A Diagnosis

For years, I’ve known something was wrong. Tests were normal. Doctors would point to anxiety and a vitamin deficiency and I’d be on my way. I’d tell John, “When I get to the other side, I’m going to ask God what this was. I have something they can’t figure out.”

Two days after Christmas in 2020, my first major flare-up hit. I went from walking/jogging two miles a day to being completely wiped from packing school lunches and sitting on the floor in my house to rest while walking from room to room. I’m usually fine when I lay down or sit down, but weak and dizzy when I stand or walk. My heart has a beat all its own and my blood pressure is playing a game of “how low can I go.” My body temperature does not regulate well so I’m either swaddled in a heating pad or throwing extra layers on the floor because I can no longer sweat. My anxiety can be my biggest prison. I have good hours and bad hours. Moments where I can walk to the car freely at a good pace, and moments where I cry to John asking, “Is this the point where my life changes and I’m not okay anymore?” Because my arms are too weak to lift wet towels from the dryer and I can’t stand long enough to make dinner so I’ve placed resting stools next to the stove and sink. This has evolved to where I need a cane and sometimes a wheelchair.

This flare-up provided the opportunity for a diagnosis, the comfort of knowing what’s causing this, and connecting with a community who also has this ailment. I have POTS (postural orthostatic tachycardia syndrome), a form of dysautonomia. Basically, my automatic nervous system is not working correctly. Example, when you stand up, your blood vessels automatically contract to keep your blood from pooling in your feet. Mine don’t do that, so my blood pools in my lower extremities. This means that a lot of my body is not getting the blood and oxygen it needs so my heart works extra hard to compensate for this and I become very weak. Another layer to this, I have Hyperadrenergic POTS (Hyper POTS). A form that is usually genetic, comes on slower, and is harder to treat. Some people with dysautonomia are bedridden, some live “normal” lives.

Here’s a video that explains my dysautonomia – 

What’s next:

There’s no cure for dysautonomia so they focus on identifying a cause and treating symptoms. We hope this is a flare-up, so at some point it may dwindle and I may regain a lot of what I could do before. I don’t know how long this flare-up will last or how many more are in my future. For treatment, doctors are exploring a combination of medications, diet changes, salt and hydration to increase blood volume, and physical therapy to push me and strengthen my legs.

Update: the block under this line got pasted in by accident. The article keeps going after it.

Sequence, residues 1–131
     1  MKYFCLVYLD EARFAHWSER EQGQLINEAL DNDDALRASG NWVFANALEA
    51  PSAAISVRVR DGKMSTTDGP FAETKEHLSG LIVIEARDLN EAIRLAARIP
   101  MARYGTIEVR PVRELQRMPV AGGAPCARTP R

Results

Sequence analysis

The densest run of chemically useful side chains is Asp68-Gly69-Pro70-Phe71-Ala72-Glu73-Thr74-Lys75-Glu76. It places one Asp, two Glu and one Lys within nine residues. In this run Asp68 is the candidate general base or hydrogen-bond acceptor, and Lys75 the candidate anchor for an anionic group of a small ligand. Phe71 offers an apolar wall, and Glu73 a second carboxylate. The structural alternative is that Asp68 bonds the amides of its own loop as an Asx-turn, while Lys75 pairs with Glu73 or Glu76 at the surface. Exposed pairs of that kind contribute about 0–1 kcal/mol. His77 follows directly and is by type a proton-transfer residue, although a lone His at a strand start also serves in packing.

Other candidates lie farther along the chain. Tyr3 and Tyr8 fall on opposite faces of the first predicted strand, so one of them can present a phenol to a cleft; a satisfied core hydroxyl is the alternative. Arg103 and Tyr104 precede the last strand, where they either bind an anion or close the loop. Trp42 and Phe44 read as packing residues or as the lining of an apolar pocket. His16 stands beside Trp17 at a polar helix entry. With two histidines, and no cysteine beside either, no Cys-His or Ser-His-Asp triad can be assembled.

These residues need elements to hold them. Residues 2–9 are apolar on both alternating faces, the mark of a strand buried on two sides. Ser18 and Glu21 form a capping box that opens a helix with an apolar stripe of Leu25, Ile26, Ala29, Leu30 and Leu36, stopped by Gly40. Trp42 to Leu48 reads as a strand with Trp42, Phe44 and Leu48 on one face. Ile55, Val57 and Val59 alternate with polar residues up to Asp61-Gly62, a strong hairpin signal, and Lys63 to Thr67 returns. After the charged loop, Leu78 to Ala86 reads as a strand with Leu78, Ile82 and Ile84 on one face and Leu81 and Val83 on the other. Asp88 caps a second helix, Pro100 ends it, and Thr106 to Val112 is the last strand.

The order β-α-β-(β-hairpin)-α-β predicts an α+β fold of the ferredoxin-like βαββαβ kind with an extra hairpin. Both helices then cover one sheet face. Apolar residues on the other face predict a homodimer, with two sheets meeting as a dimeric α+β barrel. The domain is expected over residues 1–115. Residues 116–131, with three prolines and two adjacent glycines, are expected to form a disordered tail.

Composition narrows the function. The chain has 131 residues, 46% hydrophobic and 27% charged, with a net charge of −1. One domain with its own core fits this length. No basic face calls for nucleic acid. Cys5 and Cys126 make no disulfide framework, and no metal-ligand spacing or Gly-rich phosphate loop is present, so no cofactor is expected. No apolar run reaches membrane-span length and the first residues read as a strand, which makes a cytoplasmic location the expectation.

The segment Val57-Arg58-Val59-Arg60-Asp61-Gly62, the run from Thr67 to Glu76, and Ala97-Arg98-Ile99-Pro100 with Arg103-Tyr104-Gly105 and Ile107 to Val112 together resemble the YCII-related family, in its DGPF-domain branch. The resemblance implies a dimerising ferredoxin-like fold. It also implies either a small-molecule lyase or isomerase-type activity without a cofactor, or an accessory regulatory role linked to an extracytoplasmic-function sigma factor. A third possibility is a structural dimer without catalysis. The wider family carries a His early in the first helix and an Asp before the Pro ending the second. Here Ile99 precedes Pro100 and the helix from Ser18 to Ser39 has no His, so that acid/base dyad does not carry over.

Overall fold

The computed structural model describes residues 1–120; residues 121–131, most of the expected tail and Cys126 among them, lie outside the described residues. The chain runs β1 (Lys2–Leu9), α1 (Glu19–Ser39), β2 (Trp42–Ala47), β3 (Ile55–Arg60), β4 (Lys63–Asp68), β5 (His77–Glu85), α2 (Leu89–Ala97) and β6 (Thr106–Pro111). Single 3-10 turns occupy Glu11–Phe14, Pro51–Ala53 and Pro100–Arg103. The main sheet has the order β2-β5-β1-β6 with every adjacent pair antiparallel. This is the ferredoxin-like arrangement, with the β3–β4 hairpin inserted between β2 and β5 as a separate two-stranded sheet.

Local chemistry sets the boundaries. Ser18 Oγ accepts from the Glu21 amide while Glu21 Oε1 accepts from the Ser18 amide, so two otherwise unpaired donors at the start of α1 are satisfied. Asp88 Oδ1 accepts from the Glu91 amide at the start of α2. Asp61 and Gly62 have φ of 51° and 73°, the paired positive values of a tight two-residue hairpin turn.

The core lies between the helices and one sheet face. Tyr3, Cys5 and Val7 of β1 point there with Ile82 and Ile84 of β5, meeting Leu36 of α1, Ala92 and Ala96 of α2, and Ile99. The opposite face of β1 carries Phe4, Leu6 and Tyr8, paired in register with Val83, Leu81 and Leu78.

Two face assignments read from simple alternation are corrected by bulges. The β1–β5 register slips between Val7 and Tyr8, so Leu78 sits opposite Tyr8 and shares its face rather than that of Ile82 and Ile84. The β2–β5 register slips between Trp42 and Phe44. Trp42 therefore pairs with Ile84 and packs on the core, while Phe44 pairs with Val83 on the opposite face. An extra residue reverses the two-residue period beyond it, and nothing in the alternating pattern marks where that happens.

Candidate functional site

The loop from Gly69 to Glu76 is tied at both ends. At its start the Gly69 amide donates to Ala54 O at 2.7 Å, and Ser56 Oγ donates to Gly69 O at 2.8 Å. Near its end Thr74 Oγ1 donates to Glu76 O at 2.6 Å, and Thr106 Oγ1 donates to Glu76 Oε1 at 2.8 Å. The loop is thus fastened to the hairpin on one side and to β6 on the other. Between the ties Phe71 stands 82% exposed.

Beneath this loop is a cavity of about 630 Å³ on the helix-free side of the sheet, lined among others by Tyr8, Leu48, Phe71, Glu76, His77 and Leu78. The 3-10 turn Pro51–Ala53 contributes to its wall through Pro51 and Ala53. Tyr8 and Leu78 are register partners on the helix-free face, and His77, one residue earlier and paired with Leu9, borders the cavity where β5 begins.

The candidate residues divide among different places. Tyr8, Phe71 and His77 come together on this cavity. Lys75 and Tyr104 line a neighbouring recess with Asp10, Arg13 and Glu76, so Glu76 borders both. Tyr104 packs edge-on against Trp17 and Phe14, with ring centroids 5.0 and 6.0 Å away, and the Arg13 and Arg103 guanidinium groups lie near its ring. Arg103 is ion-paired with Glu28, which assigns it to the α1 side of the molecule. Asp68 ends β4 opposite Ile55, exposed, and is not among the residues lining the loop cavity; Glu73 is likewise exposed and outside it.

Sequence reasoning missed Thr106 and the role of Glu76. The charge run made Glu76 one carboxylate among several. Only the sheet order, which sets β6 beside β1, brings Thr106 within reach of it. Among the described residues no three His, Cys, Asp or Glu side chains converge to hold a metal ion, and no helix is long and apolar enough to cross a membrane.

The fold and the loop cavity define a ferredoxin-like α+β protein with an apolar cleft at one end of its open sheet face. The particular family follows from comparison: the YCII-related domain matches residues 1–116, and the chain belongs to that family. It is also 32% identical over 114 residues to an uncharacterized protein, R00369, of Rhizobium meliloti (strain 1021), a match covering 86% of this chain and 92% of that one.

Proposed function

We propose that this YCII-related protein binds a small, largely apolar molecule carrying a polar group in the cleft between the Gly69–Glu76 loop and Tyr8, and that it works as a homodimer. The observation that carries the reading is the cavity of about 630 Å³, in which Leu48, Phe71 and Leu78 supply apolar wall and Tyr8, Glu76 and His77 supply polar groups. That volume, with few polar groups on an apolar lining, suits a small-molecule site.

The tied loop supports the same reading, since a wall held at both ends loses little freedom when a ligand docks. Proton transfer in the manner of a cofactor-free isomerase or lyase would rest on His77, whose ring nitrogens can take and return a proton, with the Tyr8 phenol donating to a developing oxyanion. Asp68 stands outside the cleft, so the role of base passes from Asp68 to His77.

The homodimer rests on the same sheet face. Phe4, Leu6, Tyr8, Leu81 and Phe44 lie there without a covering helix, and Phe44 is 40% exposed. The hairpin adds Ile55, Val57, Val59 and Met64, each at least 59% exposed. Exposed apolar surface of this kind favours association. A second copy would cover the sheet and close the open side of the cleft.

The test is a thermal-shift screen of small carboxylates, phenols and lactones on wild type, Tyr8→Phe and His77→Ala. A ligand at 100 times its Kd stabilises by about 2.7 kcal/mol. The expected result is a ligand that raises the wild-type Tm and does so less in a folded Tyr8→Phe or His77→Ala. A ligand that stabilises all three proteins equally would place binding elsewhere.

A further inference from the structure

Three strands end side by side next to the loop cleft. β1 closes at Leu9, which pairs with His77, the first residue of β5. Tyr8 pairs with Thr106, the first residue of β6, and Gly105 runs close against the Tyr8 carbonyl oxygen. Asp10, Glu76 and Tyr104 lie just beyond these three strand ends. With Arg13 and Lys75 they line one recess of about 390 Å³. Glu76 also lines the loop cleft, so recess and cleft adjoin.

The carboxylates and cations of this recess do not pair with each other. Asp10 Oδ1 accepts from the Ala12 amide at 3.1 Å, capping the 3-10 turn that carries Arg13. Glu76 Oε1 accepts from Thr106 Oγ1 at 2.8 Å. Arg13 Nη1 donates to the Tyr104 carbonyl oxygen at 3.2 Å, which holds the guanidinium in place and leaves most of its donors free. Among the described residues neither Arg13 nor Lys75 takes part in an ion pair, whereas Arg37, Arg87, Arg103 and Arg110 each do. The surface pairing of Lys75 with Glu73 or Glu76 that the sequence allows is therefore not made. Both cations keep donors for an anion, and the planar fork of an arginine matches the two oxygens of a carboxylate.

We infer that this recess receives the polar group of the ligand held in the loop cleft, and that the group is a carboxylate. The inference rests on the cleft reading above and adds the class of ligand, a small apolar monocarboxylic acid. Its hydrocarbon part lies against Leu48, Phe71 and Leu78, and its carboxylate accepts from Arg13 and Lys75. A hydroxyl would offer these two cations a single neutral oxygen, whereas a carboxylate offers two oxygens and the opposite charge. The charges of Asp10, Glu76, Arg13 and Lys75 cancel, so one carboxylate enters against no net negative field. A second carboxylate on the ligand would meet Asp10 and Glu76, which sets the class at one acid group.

Silver linings:

  • Usually (but not always), when I lay down or sit down, I function like a totally normal human being. It’s like I have multiple personalities and my healthy persona resurrects in relaxed positions which is an amazing respite.
  • I am blessed to work from home and have a job where I can sit all day. What’s more, working is an amazing outlet where I feel normal and useful.
  • I have brilliant doctors with good souls who care for me and love me through this.
  • I have an AMAZING husband who has taken over the household chores, holds my hand when I’m so frustrated by what I can’t do, and loves me independently of what I can do to make his life easier (because I’m not helping in this arena right now.) Our marriage is like every other, good seasons and tough ones. This current challenge has strengthened our relationship with kindness and humility. Words can’t express how lovely is his soul.
  • On days where I can’t do much physically, I can do a ton spiritually. I have a prayer list and I pray for you. Coincidentally, I just joined a healing prayer study through my church. The timing couldn’t be better.
  • My children are learning to do more around the house and be more independent, selfless, and compassionate. I’m VERY proud of them! But to be honest, parenting while being weak and stationary is hard. I’m figuring this out.